The wedding with Steven Moffat

“All of history is happening at once!”

I’ve had a bit of a love-hate relationship with Doctor Who season 32.  I was intrigued by the decision to abandon the highly-structured season-long arc format of the Russell T Davies era, and I think ultimately the season benefited from that, developing a freewheeling narrative feel that recaptured a part of 60s and 70s Who that had eluded the revived series at least since Christopher Eccleston left.

It also allowed far more cliffhangers than we had during the RTD years–by my count, seven of the season’s thirteen episodes ended with cliffhangers.

But as far as the individual stories themselves?  I’d been unimpressed.  Apart from the gem of “The Doctor’s Wife“, the first seven-episode half-season, transmitted in the spring, was deeply average, with a couple of competent stories and a couple of sub-par but not horrible ones.  That’s not a condemnation–it means, of course, that the season could have been far worse.  But it could also have been far better.

(Even “The Doctor’s Wife” relied for its gem-ness on the viewer already having a familiarity and an emotional investment in the programme; in that respect, it was far more of a “Remembrance of the Daleks” or “School Reunion”–though better than both those–than a “Caves of Androzani”, “The Empty Child” or “Blink”, whose brilliance I’d expect to shine through even to the casual viewer.  I don’t know how the not-we reacted to “The Doctor’s Wife”, but I’d be curious to find out.)

And then the second half-season picked up at the end of August with “Let’s Kill Hitler”, which was, in this reporter’s opinion, the single worst story Doctor Who has ever done in the 48 years since it first began transmission.  Really, just absolutely horrible.  Every creative choice made in the writing, direction and editing of that episode made a bad situation worse.  We’re still in 1967 with our Doctor Who rewatch, and already I’m dreading the day when we get up to “Let’s Kill Hitler” and I have to watch it again.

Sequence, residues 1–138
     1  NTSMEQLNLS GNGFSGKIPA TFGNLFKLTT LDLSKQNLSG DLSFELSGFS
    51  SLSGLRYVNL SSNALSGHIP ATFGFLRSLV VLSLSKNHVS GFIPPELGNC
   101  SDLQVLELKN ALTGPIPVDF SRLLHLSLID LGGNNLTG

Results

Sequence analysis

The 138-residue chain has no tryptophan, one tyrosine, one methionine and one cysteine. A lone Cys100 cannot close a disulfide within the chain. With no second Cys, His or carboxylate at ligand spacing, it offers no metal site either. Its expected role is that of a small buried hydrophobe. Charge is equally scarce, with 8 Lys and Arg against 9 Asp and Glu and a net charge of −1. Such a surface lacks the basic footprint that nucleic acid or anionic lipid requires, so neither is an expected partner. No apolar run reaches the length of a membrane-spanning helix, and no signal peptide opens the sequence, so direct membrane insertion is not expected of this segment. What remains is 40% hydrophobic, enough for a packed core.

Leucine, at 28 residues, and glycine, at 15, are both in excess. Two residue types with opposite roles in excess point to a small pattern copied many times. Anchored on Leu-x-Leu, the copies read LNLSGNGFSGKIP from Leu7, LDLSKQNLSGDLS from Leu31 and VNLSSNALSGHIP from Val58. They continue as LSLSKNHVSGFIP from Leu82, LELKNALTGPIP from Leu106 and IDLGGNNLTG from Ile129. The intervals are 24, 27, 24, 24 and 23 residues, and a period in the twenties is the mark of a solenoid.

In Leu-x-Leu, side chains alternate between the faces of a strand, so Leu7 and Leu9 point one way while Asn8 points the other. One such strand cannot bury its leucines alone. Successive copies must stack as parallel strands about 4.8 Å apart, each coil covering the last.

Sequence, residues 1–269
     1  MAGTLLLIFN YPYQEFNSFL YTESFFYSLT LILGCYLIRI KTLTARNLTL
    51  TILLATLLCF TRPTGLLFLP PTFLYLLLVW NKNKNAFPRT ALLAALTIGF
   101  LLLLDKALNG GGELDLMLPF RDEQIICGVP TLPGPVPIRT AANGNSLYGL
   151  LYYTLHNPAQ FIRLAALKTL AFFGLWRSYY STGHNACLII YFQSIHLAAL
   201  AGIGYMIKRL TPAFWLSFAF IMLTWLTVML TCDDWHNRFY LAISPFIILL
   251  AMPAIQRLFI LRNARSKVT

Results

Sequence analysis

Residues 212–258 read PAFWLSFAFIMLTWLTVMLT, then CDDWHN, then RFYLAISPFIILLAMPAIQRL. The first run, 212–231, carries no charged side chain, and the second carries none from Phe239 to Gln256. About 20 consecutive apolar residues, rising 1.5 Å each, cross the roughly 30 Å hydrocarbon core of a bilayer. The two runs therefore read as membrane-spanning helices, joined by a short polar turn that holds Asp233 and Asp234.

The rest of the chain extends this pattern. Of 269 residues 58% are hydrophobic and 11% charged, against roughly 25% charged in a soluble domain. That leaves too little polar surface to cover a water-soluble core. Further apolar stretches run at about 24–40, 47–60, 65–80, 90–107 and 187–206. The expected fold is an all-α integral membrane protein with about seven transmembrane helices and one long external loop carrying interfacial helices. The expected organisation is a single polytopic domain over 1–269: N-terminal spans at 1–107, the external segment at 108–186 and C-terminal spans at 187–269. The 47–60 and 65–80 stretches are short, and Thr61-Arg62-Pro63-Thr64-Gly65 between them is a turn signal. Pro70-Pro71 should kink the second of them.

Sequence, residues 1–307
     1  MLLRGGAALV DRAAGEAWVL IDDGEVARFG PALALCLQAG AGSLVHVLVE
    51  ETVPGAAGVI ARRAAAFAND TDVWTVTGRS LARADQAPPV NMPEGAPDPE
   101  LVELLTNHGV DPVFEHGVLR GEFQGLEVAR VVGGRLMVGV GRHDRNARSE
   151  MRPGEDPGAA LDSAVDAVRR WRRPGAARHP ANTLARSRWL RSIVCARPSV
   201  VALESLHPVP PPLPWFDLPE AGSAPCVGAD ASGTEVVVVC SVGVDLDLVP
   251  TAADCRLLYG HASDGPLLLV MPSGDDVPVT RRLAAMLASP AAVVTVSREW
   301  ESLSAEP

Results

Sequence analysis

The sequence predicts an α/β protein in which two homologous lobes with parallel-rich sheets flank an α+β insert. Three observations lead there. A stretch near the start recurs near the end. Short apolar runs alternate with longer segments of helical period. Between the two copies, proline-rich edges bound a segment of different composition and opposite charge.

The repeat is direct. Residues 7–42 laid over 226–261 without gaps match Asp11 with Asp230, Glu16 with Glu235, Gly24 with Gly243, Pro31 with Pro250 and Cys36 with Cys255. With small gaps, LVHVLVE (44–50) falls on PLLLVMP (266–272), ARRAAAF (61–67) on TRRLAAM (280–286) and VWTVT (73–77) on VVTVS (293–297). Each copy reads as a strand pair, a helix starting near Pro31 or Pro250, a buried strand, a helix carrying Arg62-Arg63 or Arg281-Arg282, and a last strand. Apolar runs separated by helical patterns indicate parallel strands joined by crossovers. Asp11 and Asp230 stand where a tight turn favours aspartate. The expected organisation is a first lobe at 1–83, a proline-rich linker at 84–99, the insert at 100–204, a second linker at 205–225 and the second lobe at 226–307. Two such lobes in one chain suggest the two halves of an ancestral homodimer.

After that nadir, though, the second half-season picked up for me, with four stories that were all solid and enjoyable (one of which was outright excellent).  Only with the last, “Closing Time”, did I really find anything to spoil it for me, borne out of an inability really to successfully marry the episode’s dark menace (Cybermen really are at their best when they’re a desperate, final remnant of their race) with the attempt to recapture the happy-chappy bromance atmosphere of the Doctor’s relationship with Craig (James Corden) from “The Lodger”, to which this episode serves as a sequel.

(Ironically, I thought the dynamic between the Doctor and Craig in “Closing Time” was far more successful than it had been in “The Lodger”.  All this time I’d been thinking “The Lodger” failed because of the way it contorted itself to serve as a vehicle for its celebrity guest star, but now I’m having to conclude that its problem is one of execution rather than conception.)

But even as I was enjoying those four successive stories–and even as someone who was sympathetic to the abandonment of the RTD narrative-arc-by-rote format*–I confess that that succession of standalone episodes making up the body of the second half-season caught me by surprise.  This is exactly the period when we’d normally expect the buildup to the season finale to be ratcheting up, but what we instead got were four entirely self-contained episodes that moved away from that completely (apart from the last five minutes of “Closing Time”).

That’s a choice that’s going to take some thinking about before I can evaluate whether it’s a choice I would have made.  On the one hand, I think Peter David’s quite right when he observes that a consequence of this approach has been the absence of the I-need-to-see-next-week’s-episode-now tension that the programme often achieved at the tail end of the Davies seasons.  (Though it’s important not to overstate that; even during much of the Davies era, that feeling was only achieved following episode twelve of the thirteen-episode season; only two of New Who’s six series have had a cliffhanger leading from episode eleven to episode twelve, turning the finale into a three-episode event rather than a two-episode one.)

On the other hand, I once read Lawrence Miles make the excellent point that the problem with arc storytelling is that it places all the focus on what might happen in future episodes rather than on what’s currently happening in the episode that’s on right now.  That’s bad for a number of reasons, and happily, for the first time since Christopher Eccleston was playing the Doctor, it managed to be largely absent from this second half-season.  That was both refreshing in and of itself, and also–yes–gave the half-season a strong Classic Who feel (which was only helped along by all the classic-era callbacks and thematic links in “The God Complex” and “Closing Time”.)